I often encounter the general adage that interior point methods are difficult to warm start. Is there an intuitive explanation behind this advice? Are there situations in which one can expect benefits from warm starting in an interior point method? Can anyone recommend some helpful references on the topic?


1 Answer 1


Interior point methods work by following the central path to an optimal solution. When you change the objective function, the optimal solution from the previous version of the problem is far from the central path for the new problem, so it takes several iterations to get back to the central path and furthermore has to return to a fairly well centered solution. Then you have to work you way down the path to a new optimal solution. You might as well just start the interior point method from an arbitrary point.

In comparison, the simplex method (primal or dual) moves from vertex to vertex of the feasible set. In the typical case, a reasonably small change in the objective will result in a new optimal solution that is only a few simplex pivots away.

...added to the intuitive explanation above to give more detail...

In computational practice, experience simply hasn't shown any substantial benefit to warm starting primal-dual interior point methods. It isn't a feature of widely used codes like CPLEX and Gurobi (the companies that produce these packages would be certain to add such a feature if it was worth while), and there are relatively few papers discussing strategies for warm starting interior point methods.

Two references that I'll recommend are:

E. A. Yildirim and S. Wright. Warm-Start Strategies in Interior-Point Methods for Linear Programming. SIAM Journal on Optimization 12:782-810, 2002. This paper gives some nice theoretical bounds on some warm starting strategies. See http://pages.cs.wisc.edu/~swright/papers/YilW02a.pdf

A later paper coauthored by Yildirim gives some computational results, but the authors admit that simply cold starting is often faster in their tests than warm starting:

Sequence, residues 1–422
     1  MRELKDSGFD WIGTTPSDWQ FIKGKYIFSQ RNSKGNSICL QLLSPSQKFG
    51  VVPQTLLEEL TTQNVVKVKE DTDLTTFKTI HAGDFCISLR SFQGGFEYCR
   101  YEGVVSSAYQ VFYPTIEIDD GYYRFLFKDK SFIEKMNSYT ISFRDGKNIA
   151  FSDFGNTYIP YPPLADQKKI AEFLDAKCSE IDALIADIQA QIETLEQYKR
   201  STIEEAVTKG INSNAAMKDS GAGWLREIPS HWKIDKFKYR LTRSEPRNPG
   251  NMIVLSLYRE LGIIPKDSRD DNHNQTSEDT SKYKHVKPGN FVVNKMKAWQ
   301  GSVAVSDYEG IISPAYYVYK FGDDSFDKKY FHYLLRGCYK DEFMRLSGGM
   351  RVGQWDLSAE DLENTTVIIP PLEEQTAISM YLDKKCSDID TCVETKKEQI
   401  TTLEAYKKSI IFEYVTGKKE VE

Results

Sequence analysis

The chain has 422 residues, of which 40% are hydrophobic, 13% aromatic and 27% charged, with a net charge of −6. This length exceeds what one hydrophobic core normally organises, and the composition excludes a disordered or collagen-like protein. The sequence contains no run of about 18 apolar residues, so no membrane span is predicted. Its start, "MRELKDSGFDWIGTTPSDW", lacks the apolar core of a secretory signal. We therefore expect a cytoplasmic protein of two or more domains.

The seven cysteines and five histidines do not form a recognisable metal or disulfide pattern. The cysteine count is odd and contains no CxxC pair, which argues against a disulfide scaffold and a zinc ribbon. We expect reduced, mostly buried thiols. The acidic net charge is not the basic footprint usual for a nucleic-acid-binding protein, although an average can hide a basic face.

E. John and E. A. Yildirim. Implementation of warm-start strategies in interior-point methods for linear programming in fixed dimension. Computational Optimization and Applications. 41:151-183, 2008. See http://link.springer.com/article/10.1007/s10589-007-9096-y

  • $\begingroup$ I have to say I feel your explanation is a little lacking. For a problem which is a little bit ill-conditioned, finding a feasible point is already a problem by itself and most methods use "Phase I" methods to find this first feasible point. It is still unclear to me as to why can't you use a feasible point to at least skip that phase, if not to actually ensure success of the method. $\endgroup$
    – olamundo
    Nov 18, 2014 at 20:19
  • 1
    $\begingroup$ Actually, most implementations of primal-dual interior point methods use an infeasible (with respect to the equality constraints) starting point and work simultaneously on feasibility and optimality. There's no separate phase I. $\endgroup$ Nov 18, 2014 at 22:17
  • $\begingroup$ What if you were working in a special problem space where starting on the central path is possible? e.g. I want to solve for X, I have a warm start for X, and set my dual variable to be $S = \mu\cdot X^{-1}$? This is super naive so I know it must be broken, but how? $\endgroup$
    – Y. S.
    Feb 12 at 2:26
  • $\begingroup$ The central path is a set of points where $Ax=b$, $A^{T}y+s=c$, and $XS=\mu I$. After you've changed the problem data ($A$, $b$, or $c$), then you have a completely different central path. If you warm start the perturbed problem using an old $x$ and set $S=\mu X^{-1}$, then you won't have a point on the new central path because it will have lost primal and dual feasibility. $\endgroup$ Feb 12 at 3:02

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